Stephanie Oghenefegho (15), spent a lot of time on the internet last year obsessively researching every aspect of scoliosis. The 5ft 8in teenager from Nigeria, who was diagnosed with the condition that leads to the curving of the spine, was determined that she would not wear braces like two other girls in her residential school, who also suffered from the same condition.
Stephanie’s mother Agatha travelled extensively in search of a solution. She finally found her way to Chennai and last week, Stephanie was operated on at Apollo Hospitals. Tomorrow, she will return to Nigeria and will be back in school this academic year, standing tall.
Stephanie first realised that she was not walking straight two years ago. “I could not wear my uniform. My friend called me and asked, ‘Are you having the same problem as me?’ and I went through the internet to learn all about it,” she said. She was especially reluctant to wear braces because the climate in her country was not suitable for it. “A few of my friends, who have the same condition, too were advised to wear braces but do not do so rigorously as it is very uncomfortable,” she said.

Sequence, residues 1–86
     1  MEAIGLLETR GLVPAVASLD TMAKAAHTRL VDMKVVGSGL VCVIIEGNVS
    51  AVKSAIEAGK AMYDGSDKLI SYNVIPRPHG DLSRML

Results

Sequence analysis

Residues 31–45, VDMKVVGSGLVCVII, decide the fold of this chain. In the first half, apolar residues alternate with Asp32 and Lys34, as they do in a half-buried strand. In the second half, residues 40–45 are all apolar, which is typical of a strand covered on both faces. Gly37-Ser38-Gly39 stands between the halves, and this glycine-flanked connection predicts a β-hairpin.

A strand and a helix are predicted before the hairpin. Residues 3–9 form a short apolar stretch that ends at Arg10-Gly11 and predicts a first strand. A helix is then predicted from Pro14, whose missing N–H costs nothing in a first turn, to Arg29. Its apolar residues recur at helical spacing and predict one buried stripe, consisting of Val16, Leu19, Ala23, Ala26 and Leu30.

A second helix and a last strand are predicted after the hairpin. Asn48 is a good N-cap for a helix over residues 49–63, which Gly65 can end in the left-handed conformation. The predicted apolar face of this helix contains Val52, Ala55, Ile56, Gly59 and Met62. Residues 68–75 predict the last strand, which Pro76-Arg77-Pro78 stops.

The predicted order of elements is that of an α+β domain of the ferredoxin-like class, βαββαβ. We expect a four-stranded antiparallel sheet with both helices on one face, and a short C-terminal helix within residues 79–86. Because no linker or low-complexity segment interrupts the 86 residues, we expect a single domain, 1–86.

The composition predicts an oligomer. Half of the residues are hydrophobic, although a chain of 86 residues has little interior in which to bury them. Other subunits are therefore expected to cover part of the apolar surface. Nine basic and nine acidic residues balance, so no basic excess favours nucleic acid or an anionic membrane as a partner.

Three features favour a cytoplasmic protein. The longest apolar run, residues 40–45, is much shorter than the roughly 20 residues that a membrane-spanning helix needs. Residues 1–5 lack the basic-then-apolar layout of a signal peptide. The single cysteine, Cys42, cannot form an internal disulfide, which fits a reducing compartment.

Agatha, a TV show host in Nigeria, told reporters at a press meet organised by Apollo Hospitals on Wednesday that she went to the UK and Germany in search of the perfect braces but did not find anything suitable. “At London, a friend told me about spine surgeon Dr. Sajan K. Hegde and thus, we came to Chennai, she said. Stephanie will be able to attend school the entire year and graduate, she said.
Like Stephanie, three others — Haider Kadhum Fatay, a 33-year-old engineer from Iraq, Eric Millican, (65), from California and Julia Obur Deng Lual, mother of five and wife of a deputy minister from South Sudan — chose Chennai for treatment. Mr. Millican, an avid sports buff, suffered from progressive paralysis of his limbs. He has undergone a complex reconstruction of the cervical spine. The other two patients said they had to contend with back pain and chose India for treatment because of the confidence they had in the doctor.
Dr. Hegde, whose team performed the surgeries on the patients, said the cost of the surgery was much lower here than in other countries.
For instance, Mr. Millican’s surgery costs $50,000 in the US but only $15,000 in India.